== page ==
Open Access Study protocol

Effectiveness of a one-year multi-component day-camp intervention for overweight children: study protocol of the Odense overweight intervention study (OOIS)

Kristian Traberg Larsen1*, Tao Huang1, Niels Christian Møller1, Lars Bo Andersen1 and Mathias Ried-Larsen2

Author Affiliations

1 Centre of Research in Childhood Health, Institute of Sports Science and Clinical Biomechanics, University of Southern Denmark, Campusvej 55, Odense M DK-5230, Denmark

2 The Centre of Inflammation and Metabolism (CIM) and The Centre for Physical Activity Research (CFAS), The Danish Diabetes Academy, Rigshospitalet, Section 7641, Blegdamsvej 9, Copenhagen DK-2100, Denmark

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BMC Public Health 2014, 14:313  doi:10.1186/1471-2458-14-313

Published: 5 April 2014



Childhood overweight has noticeable psychological and social consequences for the child and leads to an increased risk of mortality and morbidity later in life. With the high prevalence of overweight in children and adolescents, it is important to identify effective approaches for the prevention and treatment of overweight in children and young individuals. The primary aim of the study is to assess the effect of an intensive day-camp intervention on body mass index (BMI) in overweight children.


The Odense Overweight Intervention Study is a semi-blinded randomized controlled trial. Overweight children from the Municipality of Odense, Denmark, were invited to participate in the trial. Based on power calculations 98 participants were found to be sufficient to randomize in order to find an effect of minimum 1.5 BMI points. Gender-stratified concealed block randomization with a ratio of 1:1 and random block sizes of two, four, and six ensured balance between study arms. The intervention consisted of a six-week multi-component day camp including increased physical activity, healthy diet and health education followed by 46 weeks of family-based habitual intervention. The standard care arm was offered two weekly hours of physical activity training for six weeks. The outcomes were measured at baseline and at six-week and 52-week follow-ups. Furthermore, BMI will be assessed again at 48-month follow-up. Test personnel were kept blinded. The intervention effect will be evaluated using mixed model analyses. During 2012 and 2013, 115 children were enrolled in the study. Fifty-nine children were randomized to the day-camp intervention arm and 56 to the standard intervention arm.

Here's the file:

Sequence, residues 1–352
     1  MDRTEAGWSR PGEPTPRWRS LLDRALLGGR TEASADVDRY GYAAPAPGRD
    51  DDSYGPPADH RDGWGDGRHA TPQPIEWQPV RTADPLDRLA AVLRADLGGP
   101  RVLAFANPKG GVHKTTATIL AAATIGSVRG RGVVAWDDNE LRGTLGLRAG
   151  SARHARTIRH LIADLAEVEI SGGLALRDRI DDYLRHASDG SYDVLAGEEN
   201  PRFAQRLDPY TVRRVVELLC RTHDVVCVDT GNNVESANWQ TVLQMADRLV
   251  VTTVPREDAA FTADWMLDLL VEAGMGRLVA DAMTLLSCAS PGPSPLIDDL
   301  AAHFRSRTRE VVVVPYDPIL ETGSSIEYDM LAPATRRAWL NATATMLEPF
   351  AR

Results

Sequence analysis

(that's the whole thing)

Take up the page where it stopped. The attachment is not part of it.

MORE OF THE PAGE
This study will provide novel information about the long-term health effects of an intense day-camp intervention program on overweight children, due to the design and the follow-up period. Moreover, it will add to the knowledge on designing and implementing feasible camp settings for preventing overweight in children.

Trial registration

NCT01574352 at webcite on the 8th of March 2012.

RCT; Overweight; Children; Intervention; Physical activity; Weight loss; Camp intervention